Secure Logging Over a Network
Even if this should look like the easier step to accomplish, there are a few things you must pay attention to, so that an intruder, who has discovered the remote logging facility, won't be able to use it as a way to break in to the logger machine. First of all, you must generate your key pair on the network machine from which you're sending the logs by using the ssh-keygen utility. You do not have to set a password (just press return twice at the prompt) to this pair of keys (that should be used just for the logging program), so the script will not have to prompt you for it each time it starts.
With ssh2, you'll have to specify that you're going to use this newly created private key as a possible key to identify yourself. Add it to your ~/.ssh2/identification file by adding a new line with the IdKey statement, followed by the key name. (Alternatively, you could force this on the command line to ssh in the script.) Now, you'll have to transfer the public key to the system where you're going to store the logs, and add it to that user's authorized key file. (Usually ~/.ssh/authorized_keys in ssh1, where each line contains a key. In ssh2, copy the key to your ~/.ssh2 directory, then add an entry to your authorization file, ~/.ssh2/authorization by default, in the usual syntax Key key_filename.) This instructs sshd on that machine to authenticate anyone using the private key that couples with that public key without further checks.
Depending on the ssh configuration, you should normally have to log only once using this new generated key. At the first connection, ssh will have to add the key of the new host to your known_hosts files (by default, not an automatic task); it will prompt you to confirm that you would like to add the key. Pay attention to the authorization and key files permissions: they must be readable and writable only to the user—for security reasons first of all, but also because ssh will refuse to accept connections with such badly configured keys. Try logging in verbose mode if any problem occurs, since this will tell you exactly why the connection was not permitted.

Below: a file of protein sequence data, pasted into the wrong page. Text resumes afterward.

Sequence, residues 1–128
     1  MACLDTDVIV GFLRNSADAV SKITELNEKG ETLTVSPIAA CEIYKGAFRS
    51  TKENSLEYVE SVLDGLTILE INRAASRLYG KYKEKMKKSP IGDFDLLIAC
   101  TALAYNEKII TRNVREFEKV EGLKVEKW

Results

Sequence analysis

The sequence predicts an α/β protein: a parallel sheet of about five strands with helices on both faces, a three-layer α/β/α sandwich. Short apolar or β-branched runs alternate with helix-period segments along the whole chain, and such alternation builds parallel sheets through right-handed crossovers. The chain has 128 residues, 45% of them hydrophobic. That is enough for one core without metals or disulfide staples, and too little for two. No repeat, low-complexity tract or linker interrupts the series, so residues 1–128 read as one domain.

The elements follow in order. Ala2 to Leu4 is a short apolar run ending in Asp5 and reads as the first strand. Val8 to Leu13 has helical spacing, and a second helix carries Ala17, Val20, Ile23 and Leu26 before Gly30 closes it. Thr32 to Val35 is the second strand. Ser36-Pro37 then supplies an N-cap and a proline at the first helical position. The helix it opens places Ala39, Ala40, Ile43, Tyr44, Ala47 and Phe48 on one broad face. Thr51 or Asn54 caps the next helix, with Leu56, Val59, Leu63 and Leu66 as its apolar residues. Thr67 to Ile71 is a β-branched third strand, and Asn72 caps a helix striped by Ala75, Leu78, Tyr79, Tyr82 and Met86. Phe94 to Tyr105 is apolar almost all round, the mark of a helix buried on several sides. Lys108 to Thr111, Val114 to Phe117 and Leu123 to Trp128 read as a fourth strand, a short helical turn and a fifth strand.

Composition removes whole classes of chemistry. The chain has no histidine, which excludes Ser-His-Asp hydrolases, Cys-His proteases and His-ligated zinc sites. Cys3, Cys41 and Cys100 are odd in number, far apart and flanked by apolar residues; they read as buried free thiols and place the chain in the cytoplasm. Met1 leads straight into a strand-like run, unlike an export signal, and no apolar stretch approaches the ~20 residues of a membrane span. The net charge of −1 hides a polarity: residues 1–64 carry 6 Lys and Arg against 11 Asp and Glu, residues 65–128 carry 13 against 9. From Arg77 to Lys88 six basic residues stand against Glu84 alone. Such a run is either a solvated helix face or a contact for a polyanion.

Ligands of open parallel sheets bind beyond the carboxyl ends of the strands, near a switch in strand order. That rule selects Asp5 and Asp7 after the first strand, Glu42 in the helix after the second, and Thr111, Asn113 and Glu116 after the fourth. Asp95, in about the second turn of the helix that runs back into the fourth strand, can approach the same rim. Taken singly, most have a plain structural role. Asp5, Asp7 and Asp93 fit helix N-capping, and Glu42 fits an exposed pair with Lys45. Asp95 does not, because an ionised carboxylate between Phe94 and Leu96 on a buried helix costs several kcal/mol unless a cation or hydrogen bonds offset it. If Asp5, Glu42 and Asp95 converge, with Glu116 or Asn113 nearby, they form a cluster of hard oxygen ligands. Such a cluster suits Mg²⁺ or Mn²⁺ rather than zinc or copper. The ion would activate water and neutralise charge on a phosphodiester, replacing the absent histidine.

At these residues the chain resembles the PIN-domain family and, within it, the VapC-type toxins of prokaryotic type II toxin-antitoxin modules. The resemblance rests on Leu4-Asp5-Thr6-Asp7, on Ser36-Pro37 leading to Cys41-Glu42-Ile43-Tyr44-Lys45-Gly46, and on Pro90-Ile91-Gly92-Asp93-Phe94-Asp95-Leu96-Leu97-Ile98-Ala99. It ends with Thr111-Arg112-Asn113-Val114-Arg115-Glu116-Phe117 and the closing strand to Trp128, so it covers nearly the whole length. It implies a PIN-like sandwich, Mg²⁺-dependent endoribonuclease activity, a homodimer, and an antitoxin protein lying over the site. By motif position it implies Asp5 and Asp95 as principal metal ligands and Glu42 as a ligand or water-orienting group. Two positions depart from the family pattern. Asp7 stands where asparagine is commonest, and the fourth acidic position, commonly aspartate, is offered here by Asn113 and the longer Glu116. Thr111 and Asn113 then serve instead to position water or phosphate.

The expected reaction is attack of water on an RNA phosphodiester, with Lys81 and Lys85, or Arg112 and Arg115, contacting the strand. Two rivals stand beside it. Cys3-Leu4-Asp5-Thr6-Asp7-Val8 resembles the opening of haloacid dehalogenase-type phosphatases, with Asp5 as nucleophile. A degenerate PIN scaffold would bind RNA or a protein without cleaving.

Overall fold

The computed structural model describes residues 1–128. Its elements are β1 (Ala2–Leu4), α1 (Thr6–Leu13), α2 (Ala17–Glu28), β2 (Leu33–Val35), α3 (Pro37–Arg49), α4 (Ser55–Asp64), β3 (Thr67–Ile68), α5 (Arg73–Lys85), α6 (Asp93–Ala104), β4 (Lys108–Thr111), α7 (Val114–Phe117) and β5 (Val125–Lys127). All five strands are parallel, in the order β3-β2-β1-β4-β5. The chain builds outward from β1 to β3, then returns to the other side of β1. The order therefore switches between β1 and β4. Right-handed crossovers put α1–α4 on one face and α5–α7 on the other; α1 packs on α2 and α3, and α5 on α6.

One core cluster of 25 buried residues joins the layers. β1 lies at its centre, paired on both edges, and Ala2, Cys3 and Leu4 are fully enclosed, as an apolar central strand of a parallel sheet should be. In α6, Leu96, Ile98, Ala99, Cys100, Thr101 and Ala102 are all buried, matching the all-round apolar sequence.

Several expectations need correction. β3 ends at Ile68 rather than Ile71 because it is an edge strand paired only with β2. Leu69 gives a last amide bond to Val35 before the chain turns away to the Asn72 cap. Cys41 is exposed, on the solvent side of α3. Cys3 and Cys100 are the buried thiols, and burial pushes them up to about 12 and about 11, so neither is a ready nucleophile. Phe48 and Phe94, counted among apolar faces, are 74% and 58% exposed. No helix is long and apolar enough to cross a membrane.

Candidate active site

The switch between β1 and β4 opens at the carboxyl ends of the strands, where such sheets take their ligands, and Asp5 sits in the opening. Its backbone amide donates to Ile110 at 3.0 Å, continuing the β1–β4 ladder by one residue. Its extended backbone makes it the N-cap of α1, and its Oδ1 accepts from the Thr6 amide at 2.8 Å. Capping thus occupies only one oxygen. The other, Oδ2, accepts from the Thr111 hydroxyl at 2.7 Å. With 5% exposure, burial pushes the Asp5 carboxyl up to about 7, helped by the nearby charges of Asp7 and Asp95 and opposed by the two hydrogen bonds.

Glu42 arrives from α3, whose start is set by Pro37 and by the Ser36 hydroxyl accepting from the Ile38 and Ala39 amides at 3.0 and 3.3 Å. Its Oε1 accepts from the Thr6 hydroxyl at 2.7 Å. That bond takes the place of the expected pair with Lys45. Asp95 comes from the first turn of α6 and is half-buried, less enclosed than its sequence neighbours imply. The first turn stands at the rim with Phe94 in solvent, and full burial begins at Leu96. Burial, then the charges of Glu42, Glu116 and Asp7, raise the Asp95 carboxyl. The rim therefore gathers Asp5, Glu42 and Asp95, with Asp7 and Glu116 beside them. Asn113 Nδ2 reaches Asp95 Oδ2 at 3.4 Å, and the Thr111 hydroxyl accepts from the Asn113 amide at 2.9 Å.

A complete login over ssh could be done this way with that key. This would be very dangerous, so finally you must put some important restrictions on the use of the key. First, specify from which hosts this key could be used with the from= directive, so if someone were to steal the private key, he couldn't log on from any place other than the ones you specify. Second, inhibit the allocation of a pty with no-pty. Finally, limit the use of this key to just appending something to the logging file; that is, the command the Perl scripts execute on the remote machine. This is done using the command= directive and should be:
At this point, you can be quite sure that nothing more than appending to the log file can be done, and you can use your normal account on some machine as a log storer, since this won't open you to any danger (other than having your space filled with logs), if the log key is correctly restricted by ssh. In ssh2, you'll have to add just the command restriction option, using the Command directive in your authorization file. Check out the man page for exact information on the syntax.
Since many sshd installations check the TCP wrappers files before allowing a connection, make sure the hosts from which you wish to connect are allowed to do so. As a user, be sure you don't have any .shosts or .rhosts files from the machine you are logging. If present, everything would seem to work (since authorizations would be done through these, if allowed by the dæmon), but the system would be very insecure.
The first thing we have to do is create the named pipe needed for the communication between the syslogd and our script. This is easy; use the mkfifo command with the full path name of the named pipe as the parameter to create it. Now you must tell syslogd the kind of messages it should send to that pipe, using the standard syslogd syntax:
log_facility: | /
It would be a good idea to send over the network the usual authorization tasks (auth.* and authpriv.*), critical messages (*.crit and *.emerg) and important kernel network-related messages (especially if you're filtering packets or something like that). It is very important to choose all the needed facilities to have a good overview of the system status. This changes, of course, from system to system (the facilities used could also be compilation, and thus distribution-dependent), so be sure to test it thoroughly.
- Bruce Nikkel's Practical Forensic Imaging (No Starch Press)
- Transitioning to Python 3
- Progress on Privacy
- Stepping into Science
- Linux Journal December 2016
- Radio Free Linux
- CORSAIR's Carbide Air 740
- The Tiny Internet Project, Part II
- FutureVault Inc.'s FutureVault
- A Better Raspberry Pi Streaming Solution